A Naval Biographical Dictionary/Morrison, Richard James
MORRISON. (Lieut., 1815. f-p., 11; h-p., 30.)
Richard James Morrison, born 15 June, 1795, is son of the late Rich. Caleb Morrison, Esq., who for 27 years was a Gentleman Pensioner under King George III. His grandfather, Rich. Morrison, was a Captain in the Hon.E.I.Co.’s service.
This officer entered the Navy 30 Sept. 1806, as Fst.-cl. Vol., on board the Spartan of 46 guns and 258 men, Capts. Geo. Astle, Jahleel Brenton, and Edw. Pelham Brenton. Under Capt. Jah. Brenton, he saw much boat service in the Adriatic, participated as Midshipman in various attacks upon Pesaro and Ceseratico, and assisted at the capture of Lissa, Zante, Cephalonia, and Cerigo. He also, 3 May, 1810, shared in a brilliant and single-handed victory gained by the Spartan, in the Bay of Naples (after a contest of more than two hours, in which the British sustained a loss of 10 men killed and 22 wounded), over a Franco-Neapolitan squadron, carrying altogether 95 guns and about 1400 men. He continued in the same ship until Dec. 1810; and was subsequently, between Aug. 1811 and July, 1815, employed, part of the time as Master’s Mate, in the Elizabeth 74 and Myrtle 20, Capts. Fras. Wm. Austen and Arthur Batt Bingham, on the North Sea, Baltic, and Cork stations. In the latter vessel he appears to have likewise performed the duties of Lieutenant and Master. He took up, on leaving her, a commission bearing date 3 March, 1815. His last appointment was to the Coast Guard, in which he served from April, 1827, until Oct. 1829, when he was under the necessity of resigning from the effects of ill health, induced by the exposure he had suffered in rescuing 4 men and a boy from wreck in the month of Feb. 1828. His exertions on the occasion were acknowledged by a medal from the “Society for the Preservation of Life from Shipwreck.” We may add that his commission had been presented to him in less than six months after he had passed his examination, as a reward for the conduct he had exhibited during the action in the Bay of Naples.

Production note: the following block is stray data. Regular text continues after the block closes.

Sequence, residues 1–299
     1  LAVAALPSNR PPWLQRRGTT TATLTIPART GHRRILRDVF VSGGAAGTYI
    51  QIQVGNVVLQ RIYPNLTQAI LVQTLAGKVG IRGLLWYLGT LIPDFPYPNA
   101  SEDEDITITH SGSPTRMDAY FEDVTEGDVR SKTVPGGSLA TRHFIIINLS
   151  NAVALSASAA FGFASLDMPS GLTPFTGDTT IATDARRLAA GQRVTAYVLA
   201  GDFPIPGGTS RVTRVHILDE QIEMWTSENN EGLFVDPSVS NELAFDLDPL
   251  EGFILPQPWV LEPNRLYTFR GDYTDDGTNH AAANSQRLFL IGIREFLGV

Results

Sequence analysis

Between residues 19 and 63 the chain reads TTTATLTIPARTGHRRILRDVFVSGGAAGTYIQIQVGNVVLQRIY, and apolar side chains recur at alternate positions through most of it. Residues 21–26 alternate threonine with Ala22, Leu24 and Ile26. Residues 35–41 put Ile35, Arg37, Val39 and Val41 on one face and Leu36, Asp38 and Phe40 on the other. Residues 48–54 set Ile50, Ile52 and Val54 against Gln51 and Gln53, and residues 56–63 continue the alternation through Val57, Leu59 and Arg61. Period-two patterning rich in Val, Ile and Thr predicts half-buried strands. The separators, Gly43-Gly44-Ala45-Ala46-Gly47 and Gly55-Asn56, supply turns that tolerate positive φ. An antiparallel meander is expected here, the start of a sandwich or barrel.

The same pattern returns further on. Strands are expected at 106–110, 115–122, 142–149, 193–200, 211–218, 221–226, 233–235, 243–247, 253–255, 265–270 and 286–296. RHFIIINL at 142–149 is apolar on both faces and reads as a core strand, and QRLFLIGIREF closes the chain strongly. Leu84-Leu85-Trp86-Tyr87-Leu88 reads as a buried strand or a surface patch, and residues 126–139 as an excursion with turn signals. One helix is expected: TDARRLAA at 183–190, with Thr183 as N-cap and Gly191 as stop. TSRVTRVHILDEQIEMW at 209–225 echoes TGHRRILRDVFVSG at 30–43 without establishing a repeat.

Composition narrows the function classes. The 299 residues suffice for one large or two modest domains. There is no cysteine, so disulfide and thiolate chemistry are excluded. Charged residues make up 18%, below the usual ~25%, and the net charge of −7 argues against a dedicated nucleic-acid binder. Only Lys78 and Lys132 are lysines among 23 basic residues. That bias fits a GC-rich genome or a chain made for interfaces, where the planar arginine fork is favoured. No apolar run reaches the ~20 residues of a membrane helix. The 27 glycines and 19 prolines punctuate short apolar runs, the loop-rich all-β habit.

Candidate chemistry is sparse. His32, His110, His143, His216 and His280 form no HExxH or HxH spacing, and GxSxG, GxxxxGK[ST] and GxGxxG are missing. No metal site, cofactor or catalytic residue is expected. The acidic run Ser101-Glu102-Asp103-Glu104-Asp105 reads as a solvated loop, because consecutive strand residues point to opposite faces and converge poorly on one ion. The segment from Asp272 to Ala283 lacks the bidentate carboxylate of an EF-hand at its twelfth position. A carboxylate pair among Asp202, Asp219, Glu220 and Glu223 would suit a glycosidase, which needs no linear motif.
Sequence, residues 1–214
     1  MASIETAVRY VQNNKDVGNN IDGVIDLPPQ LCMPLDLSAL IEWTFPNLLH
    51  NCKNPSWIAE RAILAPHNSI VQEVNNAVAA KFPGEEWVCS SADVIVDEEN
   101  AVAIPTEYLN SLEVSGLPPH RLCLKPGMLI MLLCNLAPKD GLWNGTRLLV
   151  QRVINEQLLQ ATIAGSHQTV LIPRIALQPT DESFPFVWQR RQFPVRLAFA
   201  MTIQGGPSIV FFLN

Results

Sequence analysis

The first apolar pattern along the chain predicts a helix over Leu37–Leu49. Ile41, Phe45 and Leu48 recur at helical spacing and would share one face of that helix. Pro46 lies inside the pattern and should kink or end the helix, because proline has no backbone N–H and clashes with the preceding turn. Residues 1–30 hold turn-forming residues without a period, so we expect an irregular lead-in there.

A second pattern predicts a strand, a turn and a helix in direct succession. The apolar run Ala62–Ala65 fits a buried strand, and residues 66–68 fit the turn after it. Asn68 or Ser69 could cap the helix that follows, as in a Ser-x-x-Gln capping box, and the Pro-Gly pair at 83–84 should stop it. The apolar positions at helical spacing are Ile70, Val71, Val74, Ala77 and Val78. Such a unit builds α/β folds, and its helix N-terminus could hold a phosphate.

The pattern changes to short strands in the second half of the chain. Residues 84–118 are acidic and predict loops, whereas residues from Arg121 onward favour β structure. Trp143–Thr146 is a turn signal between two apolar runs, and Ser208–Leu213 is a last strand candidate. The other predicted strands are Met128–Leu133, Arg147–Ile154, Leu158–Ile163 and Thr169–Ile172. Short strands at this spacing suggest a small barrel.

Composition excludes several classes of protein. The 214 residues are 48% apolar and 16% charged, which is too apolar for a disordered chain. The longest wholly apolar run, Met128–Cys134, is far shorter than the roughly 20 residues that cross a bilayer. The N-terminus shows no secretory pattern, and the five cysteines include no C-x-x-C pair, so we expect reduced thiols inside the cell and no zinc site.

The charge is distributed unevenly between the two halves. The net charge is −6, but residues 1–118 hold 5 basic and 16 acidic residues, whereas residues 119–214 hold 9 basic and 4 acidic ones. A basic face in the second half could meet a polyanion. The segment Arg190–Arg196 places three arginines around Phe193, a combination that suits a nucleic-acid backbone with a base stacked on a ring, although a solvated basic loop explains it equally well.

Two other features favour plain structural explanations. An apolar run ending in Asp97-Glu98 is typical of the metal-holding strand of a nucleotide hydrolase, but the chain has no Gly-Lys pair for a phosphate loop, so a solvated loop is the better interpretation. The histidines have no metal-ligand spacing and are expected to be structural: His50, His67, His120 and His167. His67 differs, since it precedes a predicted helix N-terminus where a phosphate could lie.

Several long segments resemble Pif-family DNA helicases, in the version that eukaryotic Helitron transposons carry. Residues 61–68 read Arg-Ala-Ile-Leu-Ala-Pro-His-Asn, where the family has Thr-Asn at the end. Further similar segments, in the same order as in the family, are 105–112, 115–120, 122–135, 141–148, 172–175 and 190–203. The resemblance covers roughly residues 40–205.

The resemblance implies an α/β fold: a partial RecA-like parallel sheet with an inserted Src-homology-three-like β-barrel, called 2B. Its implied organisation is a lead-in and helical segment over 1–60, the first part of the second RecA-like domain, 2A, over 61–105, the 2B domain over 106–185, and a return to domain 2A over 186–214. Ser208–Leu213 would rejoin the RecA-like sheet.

On 22 April, 1824, Lieut. Morrison presented a plan to the Admiralty “for registering merchant seamen” – since adopted in principle. He also, 24 Jan. 1827, proposed another “for propelling ships of war in a calm;” and on 6 March, 1835, he further suggested to the Board “a plan for providing an ample supply of seamen for the fleet without impressment.” In reference to the latter scheme he received the thanks of their Lordships, and had the gratification of not only hearing his arguments immediately employed in the House of Commons by Sir Jas. Graham, then First Lord of the Admiralty, but of likewise seeing them partially enforced, by the addition of a thousand boys to the naval force of the country. He married, 23 Aug. 1827, Miss Sarah Mary Paul, of Waterford, and by that lady has issue nine children. Agents – Burnett and Holmes.